History, true and fictional: A review of poet Kate Cayley’s “When This World Comes to an End”
A first book of poems is a beautiful thing. But while this is Kate Cayley’s first poetry volume, she is no newcomer to writing. Her short stories and poems have appeared in journals across the country, she has authored a young adult novel, The Hangman in the Mirror (Annick Press), and she’s also an accomplished playwright and director. Even so, When This World Comes to an End marks a captivating poetic debut for the busy writer.
Like a multi-act play, Cayley’s book is divided into three sections: “Book of Days,” “Curio: Twelve Photographs,” and “Signs and Wonders.”
In “Books of Days,” it’s as though the whole cast of history shows up to say goodbye and good riddance to the world as it ends. Victims are remembered and villains are noted by their imprint on the past, but all are seen as passers-by on their way somewhere else. Take “The Later Life of Judas Iscariot,” and how he is observed for his lesser known qualities:
“In fact, he is unremarkable, pleasant.
Good at parties, capable with money,
knows a thing or two about wine, well-read
without embarrassing learnedness, well-
invested, a patron of various charities, kindly
in that purely personal way…”
Next, in “Curio: Twelve Photographs,” the poet sheds light on the history of photography through the lens of Louis-Jacques-Mandé Daguerre and, later, in the poem “A Wedding Teacup, Toronto 1907,” notes how “A life does not consist of objects,/but perhaps objects are its only/certain evidence.”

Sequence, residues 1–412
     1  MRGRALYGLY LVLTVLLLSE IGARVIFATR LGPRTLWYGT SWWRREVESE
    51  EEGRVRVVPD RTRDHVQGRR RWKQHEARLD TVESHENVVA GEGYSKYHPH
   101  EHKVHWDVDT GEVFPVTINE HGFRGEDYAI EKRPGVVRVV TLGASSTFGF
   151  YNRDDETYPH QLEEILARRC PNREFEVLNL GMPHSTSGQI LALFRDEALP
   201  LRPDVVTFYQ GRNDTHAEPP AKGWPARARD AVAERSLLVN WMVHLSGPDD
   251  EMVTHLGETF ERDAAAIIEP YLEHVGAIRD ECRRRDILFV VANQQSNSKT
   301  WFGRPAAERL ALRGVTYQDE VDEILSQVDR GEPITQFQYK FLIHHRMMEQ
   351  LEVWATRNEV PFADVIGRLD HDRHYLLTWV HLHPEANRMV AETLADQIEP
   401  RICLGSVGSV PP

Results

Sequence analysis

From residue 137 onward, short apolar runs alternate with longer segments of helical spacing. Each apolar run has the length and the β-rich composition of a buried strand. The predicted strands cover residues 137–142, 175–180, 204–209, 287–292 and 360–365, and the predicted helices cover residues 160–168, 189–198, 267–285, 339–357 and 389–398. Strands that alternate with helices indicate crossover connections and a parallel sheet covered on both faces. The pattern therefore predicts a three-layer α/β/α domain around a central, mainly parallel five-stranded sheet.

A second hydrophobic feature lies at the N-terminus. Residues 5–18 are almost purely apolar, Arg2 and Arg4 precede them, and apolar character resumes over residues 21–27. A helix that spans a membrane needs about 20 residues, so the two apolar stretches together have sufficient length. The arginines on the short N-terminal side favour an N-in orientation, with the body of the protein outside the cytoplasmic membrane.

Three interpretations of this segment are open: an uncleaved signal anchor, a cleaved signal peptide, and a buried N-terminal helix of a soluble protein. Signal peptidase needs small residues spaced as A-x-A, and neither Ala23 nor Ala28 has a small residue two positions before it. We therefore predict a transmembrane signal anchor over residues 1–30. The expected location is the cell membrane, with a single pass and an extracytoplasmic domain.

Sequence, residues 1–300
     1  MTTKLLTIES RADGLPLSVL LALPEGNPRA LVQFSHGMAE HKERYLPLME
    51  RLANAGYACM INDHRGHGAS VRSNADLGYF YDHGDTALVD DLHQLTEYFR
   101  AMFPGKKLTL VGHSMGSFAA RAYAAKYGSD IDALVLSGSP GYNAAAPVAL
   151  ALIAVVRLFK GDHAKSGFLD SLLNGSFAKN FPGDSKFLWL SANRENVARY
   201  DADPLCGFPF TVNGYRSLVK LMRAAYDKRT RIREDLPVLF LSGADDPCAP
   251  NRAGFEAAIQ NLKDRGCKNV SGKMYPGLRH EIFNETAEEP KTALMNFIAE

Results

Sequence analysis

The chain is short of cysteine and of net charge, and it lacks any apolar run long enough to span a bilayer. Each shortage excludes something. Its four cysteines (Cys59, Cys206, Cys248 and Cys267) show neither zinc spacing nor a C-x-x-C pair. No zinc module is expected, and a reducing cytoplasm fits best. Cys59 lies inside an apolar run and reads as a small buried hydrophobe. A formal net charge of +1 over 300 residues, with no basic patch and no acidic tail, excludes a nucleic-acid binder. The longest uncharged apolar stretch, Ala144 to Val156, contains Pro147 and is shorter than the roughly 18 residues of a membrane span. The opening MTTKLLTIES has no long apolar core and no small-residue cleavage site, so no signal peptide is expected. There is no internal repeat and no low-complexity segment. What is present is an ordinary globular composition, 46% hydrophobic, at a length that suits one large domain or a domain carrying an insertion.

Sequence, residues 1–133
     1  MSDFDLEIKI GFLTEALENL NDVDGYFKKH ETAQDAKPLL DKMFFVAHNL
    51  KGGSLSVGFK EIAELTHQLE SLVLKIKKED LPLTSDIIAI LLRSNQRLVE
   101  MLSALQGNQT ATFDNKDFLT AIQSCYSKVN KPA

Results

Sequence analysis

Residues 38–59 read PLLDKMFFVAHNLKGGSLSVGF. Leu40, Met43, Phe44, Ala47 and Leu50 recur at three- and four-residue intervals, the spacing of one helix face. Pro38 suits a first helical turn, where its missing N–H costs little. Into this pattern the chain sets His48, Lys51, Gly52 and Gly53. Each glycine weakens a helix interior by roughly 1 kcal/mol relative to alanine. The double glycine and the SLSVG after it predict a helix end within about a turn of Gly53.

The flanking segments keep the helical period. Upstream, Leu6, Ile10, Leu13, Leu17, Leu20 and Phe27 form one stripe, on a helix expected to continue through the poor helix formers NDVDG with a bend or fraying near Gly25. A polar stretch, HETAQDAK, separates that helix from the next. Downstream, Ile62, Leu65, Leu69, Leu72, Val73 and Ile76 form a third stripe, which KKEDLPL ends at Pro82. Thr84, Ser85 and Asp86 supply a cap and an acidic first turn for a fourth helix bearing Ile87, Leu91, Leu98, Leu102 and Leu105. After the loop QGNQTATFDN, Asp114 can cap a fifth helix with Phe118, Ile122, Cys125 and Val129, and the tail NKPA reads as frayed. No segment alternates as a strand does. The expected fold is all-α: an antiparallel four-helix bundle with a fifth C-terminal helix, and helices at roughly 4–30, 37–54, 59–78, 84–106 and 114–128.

In this section themes and motifs carry from one poem to the next, emphasizing how all lives relate to one another, despite decades of time separating them. In “Considering Photographs,” the past bleeds into the present as photographs travel through generations and connect us to those before:
“[T]he presence of the eldest, whatever they have told you
of their memory, reaches down toward the youngest”.
The final section, “Signs and Wonders,” sees the return of mythical and folkloric figures, like Hamlet‘s Ophelia, and offers a narrative curve with prose poems and dialogue, more stylistically challenging arrangements, and a showing of the persona poem.
The poet calls on Zola, Persephone, and Neanderthals alike, yet it is not only fictional characters that join in Cayley’s assessment of the world’s end. She visits W.H. Auden in a poem in which “language still fails when faced // with such an ending.” William Kemmler, who became the first man to die in the electric chair after having murdered his wife, admits: “I was not a good husband.” Kemmler assesses his wrongdoings and boasts how he does not avoid mortality as he has established a rapport with Death.
Despite its breadth of history, When This World Comes to an End offers a succinct reflection of what has been and what will be. The purview of history is considered through known figures just as much as the insignificant acts of the everyday. In doing so, Cayley gathers evidence and memories that signify life has been lived—fully and intertwined with everyone and everything.